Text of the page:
Cutting to the Chase on Health Care

09/04/2009 5:58 pm EST


Howard Gold

Founder & President, GoldenEgg Investing

When its August recess ends next week, President Obama will address a joint session of Congress in his latest attempt to salvage health care reform.

The president reportedly will propose simplifying and scaling back ambitious plans that have been debated in Congressional committees. He will focus more sharply on expanding coverage to the uninsured without the controversial “public” option, in which the government pays providers directly for care, as Medicare does today.

Interestingly, some of the new proposals being floated by Administration officials were pretty similar to the ones raised by experts I spoke with Wednesday, suggesting some rough consensus is emerging.

The two big issues, of course, are covering the uninsured and reducing costs. The first will be easier to tackle than the second, but both need to be taken on.

An estimated 45.7 million Americans don’t have health care coverage, according to US Census Bureau estimates. That widely used statistic may be exaggerated, however.

Some 9.3 million of those are “non-citizens”—maybe half illegal aliens and half US foreign-born residents with green cards. So, that takes out about five million from the total. Another 6.3 million may be on Medicaid but don’t report that coverage to census takers, while 4.3 million more are eligible for Medicaid but don’t sign up. Others are a mixture of people who are eligible for employer insurance but don’t take it and uninsured families and singles whose incomes are too high for Medicaid.

So, maybe 25 million to 30 million legal residents of the US don’t qualify for or don’t take private health care insurance coverage.

The consequences of that lack of coverage can be dramatic. According to the bipartisan National Coalition on Health Care, 62% of all bankruptcies filed in 2007 were linked to medical expenses, while 1.5 million US families lose their homes to foreclosure every year because of high medical costs. Nearly five million Americans have lost coverage in the past year.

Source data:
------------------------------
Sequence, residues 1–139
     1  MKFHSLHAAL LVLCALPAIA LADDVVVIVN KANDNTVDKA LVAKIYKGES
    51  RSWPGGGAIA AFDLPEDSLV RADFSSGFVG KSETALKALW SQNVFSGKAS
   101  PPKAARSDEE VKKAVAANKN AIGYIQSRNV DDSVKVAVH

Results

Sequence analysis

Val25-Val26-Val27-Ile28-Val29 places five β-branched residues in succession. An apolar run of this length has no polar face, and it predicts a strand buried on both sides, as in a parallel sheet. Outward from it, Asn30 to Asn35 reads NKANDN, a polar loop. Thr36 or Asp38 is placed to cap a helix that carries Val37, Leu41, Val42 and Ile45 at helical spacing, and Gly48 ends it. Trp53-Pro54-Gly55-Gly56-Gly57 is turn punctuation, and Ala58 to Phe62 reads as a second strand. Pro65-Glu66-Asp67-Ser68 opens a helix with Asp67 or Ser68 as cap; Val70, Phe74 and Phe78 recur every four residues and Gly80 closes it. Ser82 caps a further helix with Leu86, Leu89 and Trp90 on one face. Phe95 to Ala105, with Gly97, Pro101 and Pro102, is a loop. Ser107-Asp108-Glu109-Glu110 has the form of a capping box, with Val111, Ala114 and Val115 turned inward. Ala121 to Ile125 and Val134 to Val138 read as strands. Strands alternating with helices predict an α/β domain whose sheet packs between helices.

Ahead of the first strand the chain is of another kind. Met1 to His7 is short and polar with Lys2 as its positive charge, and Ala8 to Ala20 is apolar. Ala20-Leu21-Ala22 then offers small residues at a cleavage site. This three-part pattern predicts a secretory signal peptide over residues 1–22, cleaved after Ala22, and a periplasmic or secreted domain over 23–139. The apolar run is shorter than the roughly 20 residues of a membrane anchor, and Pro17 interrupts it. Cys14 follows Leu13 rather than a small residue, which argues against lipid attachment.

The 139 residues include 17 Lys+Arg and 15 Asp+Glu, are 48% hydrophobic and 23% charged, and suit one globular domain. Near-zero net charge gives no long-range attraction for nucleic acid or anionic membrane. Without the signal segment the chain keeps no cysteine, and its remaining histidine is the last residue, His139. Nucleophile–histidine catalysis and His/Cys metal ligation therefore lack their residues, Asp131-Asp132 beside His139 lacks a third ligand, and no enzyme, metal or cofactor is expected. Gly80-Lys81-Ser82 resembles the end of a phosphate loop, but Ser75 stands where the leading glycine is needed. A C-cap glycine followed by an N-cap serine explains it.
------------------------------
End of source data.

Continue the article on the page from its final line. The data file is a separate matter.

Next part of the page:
So, what’s the solution?

The RAND Corporation did a comprehensive computer analysis of policy options now under consideration and came to some striking conclusions.

Some 44% of the uninsured either are currently eligible for Medicaid or have an offer of employer-sponsored insurance for them or their spouse. Only 78% of employees who are eligible for employer coverage actually take it.

So, a mandate for every individual to have health care coverage would make substantial inroads into the ranks of the uninsured.

“It really does work,” says Elizabeth McGlynn, associate director of RAND Health. “If your goal is reducing the number of uninsured, that’s the [tool] that’s most powerful.”

Requiring every individual to have coverage—just as most states require vehicle owners to have auto insurance—would be a strong incentive for people to sign up.

It would also work much better than an employer mandate, according to McGlynn. “Employer mandates don’t deal with people who have an offer and don’t take it up,” she says. And they don’t include small firms “where most of the uninsured are.”